Purpose: The HIV Medicine Association recommends anal Pap tests for women living with HIV (WLWH) with a history of abnormal cervical Pap tests, ano-receptive intercourse, or genital warts. This study describes current anal cancer screening practices and provider- and staff-identified challenges conducting anal cancer screening for WLWH in an integrated safety-net healthcare institution and community healthcare organization serving underinsured patients in a metropolitan city in Texas. Findings inform our understanding of factors that need to be addressed prior to implementation of system-level anal cancer screening policies and protocols for WLWH, a population at increased risk for anal cancer due to persistent HPV infection. Methods: We purposefully sampled providers, clinical staff, and administrative staff to participate in in-person semi-structured interviews assessing participant experiences with anal cancer screening, documentation, and follow up, and attitudes toward future anal cancer screening among WLWH. Audio-recorded interviews and field notes were transcribed and thematically analyzed using an iterative deductive and inductive coding scheme. Results: We completed interviews with 25 individuals: providers (n=11: 7 safety-net, 4 community), clinical staff (n=10: 8 safety-net, 2 community), and administrative staff (n=4: safety-net). Current practices. No system-level policies or protocols for anal cancer screening existed within the safety-net institution or community organization for WLWH. Instead, HIV providers performed anal Pap tests ad hoc, most frequently as diagnostic evaluations based on visual inspections or patient-reported symptoms. To follow up on abnormal test results, providers referred patients to Proctology Clinic, where wait for an appointment was about one year. Challenges. Without anal cancer screening policies or protocols, clinical teams were unclear on whether the HIV team or gynecology specialty team should lead screening efforts. Electronic health records only recorded cervical Pap test results in the “Pap” field, leaving providers to record anal Pap results in a notes section. This limited the ability to produce systematic reports or track screening. Finally, providers and staff expressed reluctance to conduct systematic anal cancer screening until greater infrastructure existed to manage referrals for abnormal anal Pap test results. Conclusions: Anal cancer screening and follow-up for WLWH require organization and coordination between multiple care teams, and protocols should clarify clinical pathways and responsibilities as patients transition between HIV, gynecology, and proctology teams. Further, clinical information systems must be updated to facilitate teams’ communication and to support anal Pap test ordering and documentation. Finally, downstream infrastructure to support follow-up must accompany upstream implementation of an anal cancer screening policy.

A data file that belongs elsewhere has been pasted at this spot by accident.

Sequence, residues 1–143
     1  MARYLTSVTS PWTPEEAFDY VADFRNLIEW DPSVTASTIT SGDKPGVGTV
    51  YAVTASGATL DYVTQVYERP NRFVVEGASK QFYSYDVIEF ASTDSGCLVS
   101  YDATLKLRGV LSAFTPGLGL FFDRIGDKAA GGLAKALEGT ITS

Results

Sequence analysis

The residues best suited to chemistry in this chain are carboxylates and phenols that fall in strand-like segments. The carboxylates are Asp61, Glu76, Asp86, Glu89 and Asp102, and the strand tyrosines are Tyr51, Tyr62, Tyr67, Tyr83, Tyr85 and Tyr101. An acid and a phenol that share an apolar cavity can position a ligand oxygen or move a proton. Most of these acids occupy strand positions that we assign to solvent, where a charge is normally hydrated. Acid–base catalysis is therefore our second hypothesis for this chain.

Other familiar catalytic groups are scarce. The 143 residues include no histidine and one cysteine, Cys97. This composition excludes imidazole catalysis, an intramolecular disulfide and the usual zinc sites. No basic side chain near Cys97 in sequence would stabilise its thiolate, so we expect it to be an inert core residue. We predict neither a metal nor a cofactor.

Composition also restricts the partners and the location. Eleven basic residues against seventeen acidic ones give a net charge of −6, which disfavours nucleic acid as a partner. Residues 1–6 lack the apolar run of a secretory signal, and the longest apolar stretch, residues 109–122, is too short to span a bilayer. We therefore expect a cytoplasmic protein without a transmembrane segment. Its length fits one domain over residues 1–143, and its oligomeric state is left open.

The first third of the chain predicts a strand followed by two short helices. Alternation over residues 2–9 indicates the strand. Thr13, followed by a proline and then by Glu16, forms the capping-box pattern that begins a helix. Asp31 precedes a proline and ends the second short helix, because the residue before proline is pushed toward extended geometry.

Citation Format: Serena A Rodriguez, Robin T Higashi, Andrea B Betts, Cynthia Ortiz, Jasmin A Tiro, Amneris Luque, Arti Barnes. Challenges implementing anal cancer screening for women living with HIV: Clinical providers and staff perspectives [abstract]. In: Proceedings of the Twelfth AACR Conference on the Science of Cancer Health Disparities in Racial/Ethnic Minorities and the Medically Underserved; 2019 Sep 20-23; San Francisco, CA. Philadelphia (PA): AACR; Cancer Epidemiol Biomarkers Prev 2020;29(6 Suppl_2):Abstract nr C126.